easy to create two inductors. Now, how do I enter the coupling factor?

I never created a component in LTSpice, I will google for a spark gap spice
model, and then I will re-google for some tutorial on how to add it to
LTSpice. If I'm out of luck I will ask here again, but I think google will
suffice for this other mission, which would be probably long to explain
here.

Thanks again.

Cheers,
Mario


At 19.13 2011.11.12, you wrote:
{Quote hidden}

>

2011\11\12@145253 by Oli Glaser

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On 12/11/2011 19:09, Electron wrote:
> Thank You.
>
> A question, if You don't mind: I always used LTSpice "graphically". It's
> easy to create two inductors. Now, how do I enter the coupling factor?

On the far right of the LTSpice toolbar there is an icon (the ".op" one) for creating a SPICE directive. CLick on this and add Kn Ln Ln Kf, where n is the number of your components and Kf is the coupling factor.
Example:
You have two inductors, L1 and L2. You want to couple them with a factor of 0.9, so you click on the .op icon and write:
K1 L1 L2 0.9 (K could be any number, e.g K2, K3, etc depending on how many couplings you have in your circuit)
Place the directive on the schematic somewhere and you're done.

2011\11\12@151347 by Sean Breheny

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Oops, I should have said "K" command/component, not "M". Oli has the
correct version.

On Sat, Nov 12, 2011 at 1:13 PM, Oli Glaser <.....oli.glaserKILLspamspam@spam@talktalk.net> wrote:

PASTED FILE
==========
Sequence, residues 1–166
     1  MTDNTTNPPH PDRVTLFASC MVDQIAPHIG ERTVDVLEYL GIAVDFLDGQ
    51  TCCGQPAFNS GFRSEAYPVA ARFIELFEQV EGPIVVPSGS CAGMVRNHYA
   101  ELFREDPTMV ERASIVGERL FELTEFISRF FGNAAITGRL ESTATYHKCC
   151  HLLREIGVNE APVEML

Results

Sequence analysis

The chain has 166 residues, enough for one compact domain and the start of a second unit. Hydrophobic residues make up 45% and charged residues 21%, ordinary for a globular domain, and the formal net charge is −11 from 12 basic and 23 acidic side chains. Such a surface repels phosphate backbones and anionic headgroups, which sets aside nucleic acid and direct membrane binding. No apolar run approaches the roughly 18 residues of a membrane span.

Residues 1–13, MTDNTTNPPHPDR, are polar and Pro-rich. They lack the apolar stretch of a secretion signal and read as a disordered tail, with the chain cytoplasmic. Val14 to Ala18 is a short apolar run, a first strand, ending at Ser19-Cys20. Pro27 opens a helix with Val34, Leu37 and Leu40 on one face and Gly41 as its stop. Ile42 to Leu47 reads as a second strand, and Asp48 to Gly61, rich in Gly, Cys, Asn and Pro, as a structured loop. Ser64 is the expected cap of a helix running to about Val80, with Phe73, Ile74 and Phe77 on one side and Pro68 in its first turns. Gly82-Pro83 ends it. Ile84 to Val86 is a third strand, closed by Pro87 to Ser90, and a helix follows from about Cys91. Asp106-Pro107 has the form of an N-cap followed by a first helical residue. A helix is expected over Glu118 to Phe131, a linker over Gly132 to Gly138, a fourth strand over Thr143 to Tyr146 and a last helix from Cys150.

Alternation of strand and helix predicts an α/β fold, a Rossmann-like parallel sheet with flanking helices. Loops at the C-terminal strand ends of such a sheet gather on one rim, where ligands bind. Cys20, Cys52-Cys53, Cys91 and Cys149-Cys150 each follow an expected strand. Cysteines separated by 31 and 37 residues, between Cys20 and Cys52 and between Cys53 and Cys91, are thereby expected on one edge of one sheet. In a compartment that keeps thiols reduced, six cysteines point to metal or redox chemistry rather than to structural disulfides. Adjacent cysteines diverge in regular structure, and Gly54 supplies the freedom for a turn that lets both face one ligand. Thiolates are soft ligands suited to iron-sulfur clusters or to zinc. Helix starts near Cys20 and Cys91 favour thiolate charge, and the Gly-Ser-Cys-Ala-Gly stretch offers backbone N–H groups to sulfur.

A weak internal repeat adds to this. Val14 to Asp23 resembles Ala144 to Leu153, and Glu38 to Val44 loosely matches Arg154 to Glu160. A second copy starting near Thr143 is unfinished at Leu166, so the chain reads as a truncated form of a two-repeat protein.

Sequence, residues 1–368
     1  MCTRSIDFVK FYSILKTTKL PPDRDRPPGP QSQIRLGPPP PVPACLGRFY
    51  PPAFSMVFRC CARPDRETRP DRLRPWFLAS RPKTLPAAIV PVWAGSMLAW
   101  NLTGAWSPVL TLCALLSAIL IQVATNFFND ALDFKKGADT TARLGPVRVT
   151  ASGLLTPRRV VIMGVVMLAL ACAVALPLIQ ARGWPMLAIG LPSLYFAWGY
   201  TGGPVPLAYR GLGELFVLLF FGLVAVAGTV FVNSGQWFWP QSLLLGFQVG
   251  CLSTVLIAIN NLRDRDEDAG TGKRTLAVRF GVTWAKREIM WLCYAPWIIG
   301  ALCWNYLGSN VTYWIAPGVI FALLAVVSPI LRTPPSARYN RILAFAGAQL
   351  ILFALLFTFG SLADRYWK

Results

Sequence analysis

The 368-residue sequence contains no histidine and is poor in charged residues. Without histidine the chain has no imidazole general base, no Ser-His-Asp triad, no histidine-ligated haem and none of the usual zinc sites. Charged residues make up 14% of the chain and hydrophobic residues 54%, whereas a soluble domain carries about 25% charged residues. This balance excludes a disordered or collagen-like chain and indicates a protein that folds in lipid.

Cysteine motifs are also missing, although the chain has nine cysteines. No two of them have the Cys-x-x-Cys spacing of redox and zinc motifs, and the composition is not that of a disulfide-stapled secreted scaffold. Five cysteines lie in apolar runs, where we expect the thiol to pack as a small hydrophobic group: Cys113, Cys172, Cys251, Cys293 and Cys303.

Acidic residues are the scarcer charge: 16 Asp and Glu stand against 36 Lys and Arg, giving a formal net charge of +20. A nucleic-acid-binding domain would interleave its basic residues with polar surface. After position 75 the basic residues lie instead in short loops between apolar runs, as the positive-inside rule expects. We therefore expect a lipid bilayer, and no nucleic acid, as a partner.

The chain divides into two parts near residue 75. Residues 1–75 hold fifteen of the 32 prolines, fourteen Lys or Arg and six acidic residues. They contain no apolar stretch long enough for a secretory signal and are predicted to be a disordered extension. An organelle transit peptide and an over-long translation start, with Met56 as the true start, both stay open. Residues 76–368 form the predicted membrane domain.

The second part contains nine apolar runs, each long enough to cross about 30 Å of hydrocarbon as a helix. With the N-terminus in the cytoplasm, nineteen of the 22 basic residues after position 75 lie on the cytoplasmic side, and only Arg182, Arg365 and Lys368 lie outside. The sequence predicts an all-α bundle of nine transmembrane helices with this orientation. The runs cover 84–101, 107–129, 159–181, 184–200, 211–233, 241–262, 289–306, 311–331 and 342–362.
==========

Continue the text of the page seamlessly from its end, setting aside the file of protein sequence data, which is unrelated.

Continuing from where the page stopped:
{Quote hidden}

>

2011\11\13@052939 by Electron

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At 20.52 2011.11.12, you wrote:
>On 12/11/2011 19:09, Electron wrote:
>> Thank You.
>>
>> A question, if You don't mind: I always used LTSpice "graphically". It's
>> easy to create two inductors. Now, how do I enter the coupling factor?
>
>On the far right of the LTSpice toolbar there is an icon (the ".op" one)
>for creating a SPICE directive. CLick on this and add Kn Ln Ln Kf, where
>n is the number of your components and Kf is the coupling factor.
>Example:
>You have two inductors, L1 and L2. You want to couple them with a factor
>of 0.9, so you click on the .op icon and write:
>K1 L1 L2 0.9 (K could be any number, e.g K2, K3, etc depending on how
>many couplings you have in your circuit)
>Place the directive on the schematic somewhere and you're done.

It worked wonders, thank you! :-)

But what does coupling=0.9 imply? 90% efficiency for the resulting transformer?

Thanks,
Mario

2011\11\13@120728 by Sean Breheny

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No, it's not efficiency, it's the fraction of the magnetic flux which
the two inductors share. The remaining amount is "leakage". Closer to
0, they act like totally separate inductors (like you didn't even have
the K statement). K=1 makes them into an ideal transformer (not in the
lossless sense but in the sense that it has no extra inductance from
"leakage inductance").

Sean


On Sun, Nov 13, 2011 at 4:56 AM, Electron <electron2k4spamKILLspaminfinito.it> wrote:
{Quote hidden}

>

2011\11\16@223348 by Oli Glaser

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On 13/11/2011 09:56, Electron wrote:
{Quote hidden}

It's one of the factors that contribute to efficiency, but there are others too (core losses, leakage inductance, etc)
It's just the inductive coupling coefficient between windings. To simulate as accurately as possible you would have to add various other parasitic elements. If you google "spice transformer" there are quite  a few helpful links. Here are a couple of helpful ones:
http://ltwiki.org/index.php5?title=Transformers    Reasonably simple and clear
http://www.intusoft.com/articles/satcore.pdf <http://www.intusoft.com/articles/satcore.pdf>    Getting more complex
http://fmtt.com/Transformer%20SPICE%20Model%202-14-08.pdf     Approach with caution...

2011\11\17@150444 by Electron

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At 04.33 2011.11.17, you wrote:
{Quote hidden}

Thank You.. I will read the last one only in the presence of my parents. :D

;)

Cheers,
Mario